Authority’s Part of the Bargain


December 25 , 2018 . By Christian Tesfaye



The uncertainties of political transitions is undeniably unforgettable for those who live through them. The sheer number of unusual events taking place inside the country since Prime Minister Abiy Ahmed (PhD) came to power has made the past eight months fly by in a heady daze.

Around Tor Hailoch last Wednesday, I was stuck behind the funeral procession for former President Girma WoldeGiorgis that proceeded from his house to the Millennium Hall in Bole. The streets were cordoned off by city and federal police who were instructing pedestrians to restrict themselves to the walkways.

But it was not that easy for the police to enforce that edict. Pedestrians kept flaunting orders, usually standing up to the police and, in some cases, getting their way. After the procession had passed by and traffic flow had resumed, I came upon a woman who was berating a police officer for ignoring her when she asked for directions.

“It is your job,” she almost screamed. “I am going to speak to your superiors.”

Some may find the attitude of the pedestrians in Tor Hailoch symptomatic of the problem at a national level: Ethiopians, given the opportunity to exercise their rights, will exploit them. The concept of freedom will go way over their heads and be taken to mean that they can scream “fire” in a crowded theatre, some would say.

And indeed, not all cultures and societies will respond similarly to a relaxation in the nature of the relationship between authority and the public. Some are more conservative than others, and rapid changes can create a great deal of confusion.

But it is also liberating to see how assertive toward authority citizens have become. The pedestrians on that street were a good indicator of this. They were, of course, sympathetic to the occasion - it was a funeral. But they were also waiting in the middle of a dusty street under a scorching hot sun.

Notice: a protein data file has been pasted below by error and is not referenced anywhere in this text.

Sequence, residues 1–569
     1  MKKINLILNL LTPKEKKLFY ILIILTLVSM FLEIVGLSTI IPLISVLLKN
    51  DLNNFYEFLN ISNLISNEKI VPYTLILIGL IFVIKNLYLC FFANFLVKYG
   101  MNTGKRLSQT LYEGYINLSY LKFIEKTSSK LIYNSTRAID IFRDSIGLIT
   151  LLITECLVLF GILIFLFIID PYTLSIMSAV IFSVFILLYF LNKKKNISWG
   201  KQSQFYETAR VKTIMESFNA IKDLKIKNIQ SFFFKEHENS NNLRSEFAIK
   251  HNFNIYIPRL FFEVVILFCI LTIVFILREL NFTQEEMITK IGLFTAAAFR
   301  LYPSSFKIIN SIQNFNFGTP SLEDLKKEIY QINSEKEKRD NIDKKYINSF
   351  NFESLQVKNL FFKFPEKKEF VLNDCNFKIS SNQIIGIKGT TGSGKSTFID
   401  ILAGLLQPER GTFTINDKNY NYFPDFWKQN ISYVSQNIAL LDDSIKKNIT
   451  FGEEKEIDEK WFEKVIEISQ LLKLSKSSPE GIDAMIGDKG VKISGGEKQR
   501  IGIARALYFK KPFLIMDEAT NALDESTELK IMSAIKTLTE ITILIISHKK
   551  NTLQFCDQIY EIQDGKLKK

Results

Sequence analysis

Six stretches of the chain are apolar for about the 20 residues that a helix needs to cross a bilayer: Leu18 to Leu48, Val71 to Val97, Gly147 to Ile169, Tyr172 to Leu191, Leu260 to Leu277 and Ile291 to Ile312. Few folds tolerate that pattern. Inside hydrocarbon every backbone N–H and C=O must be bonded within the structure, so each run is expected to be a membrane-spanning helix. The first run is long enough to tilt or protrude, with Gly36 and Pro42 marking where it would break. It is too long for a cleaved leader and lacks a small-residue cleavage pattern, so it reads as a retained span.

More importantly, they understood that the state’s privilege can only go so far. They were aware that in keeping their part of the bargain - inconveniencing themselves - they were doing the authorities a favour. There were no illusions that a police officer can give arbitrary orders and expect complete compliance. What has often been considered the scariest part of government - the law enforcement apparatus - can be challenged, expected to respect the rule of law and citizens’ rights and be flexible.

The attitude toward authority is overdue for a revamp. Historically, it has exercised its right and more with little accountability. Challenging it has been tantamount to contempt, punishable through the various instruments of the state. The few that rose to speak out have been dealth with, in some cases, with the full might of the state. This is why political transformations come only once in decades, because the few cannot take on authority; the majority has to join in, which takes time, and happens in the form of a revolution.

Times have changed, and we may be witnessing a historical moment where the few can indeed succeed in challenging officials in public offices and law enforcement officers to keep their part of the bargain. This is because individuals now have a far better chance of being heard, and the majority has become better informed of its rights and duties.

Indeed, there is a case to be made for the argument that the masses are less enthusiastic about their duties than their rights. But the major contributors of this are the sheer uncertainty of the future of the country and the inability of the government to retain its monopoly over violence.

Ensuring the security and stability of a nation is the mandate of the government. This may lead some to raise the classical argument of security versus freedom, the former of which has been favoured by successive governments.

But that is a poor argument. The two are not mutually exclusive, and the only governments that opt for security over freedom are the kind that are incapable of affording their citizens both while at the same time being unwilling to give up power to someone that can. If this can change, it would be one big step in Ethiopia’s political maturity.



PUBLISHED ON Dec 25,2018 [ VOL 19 , NO 974]



Christian Tesfaye (christian.tesfaye@addisfortune.net) is Fortune’s Op-Ed Editor whose interests run amok in the directions of both print and audiovisual storytelling.






Editors' Pick




Editorial




Fortune news



Drop us a message

Or see contact page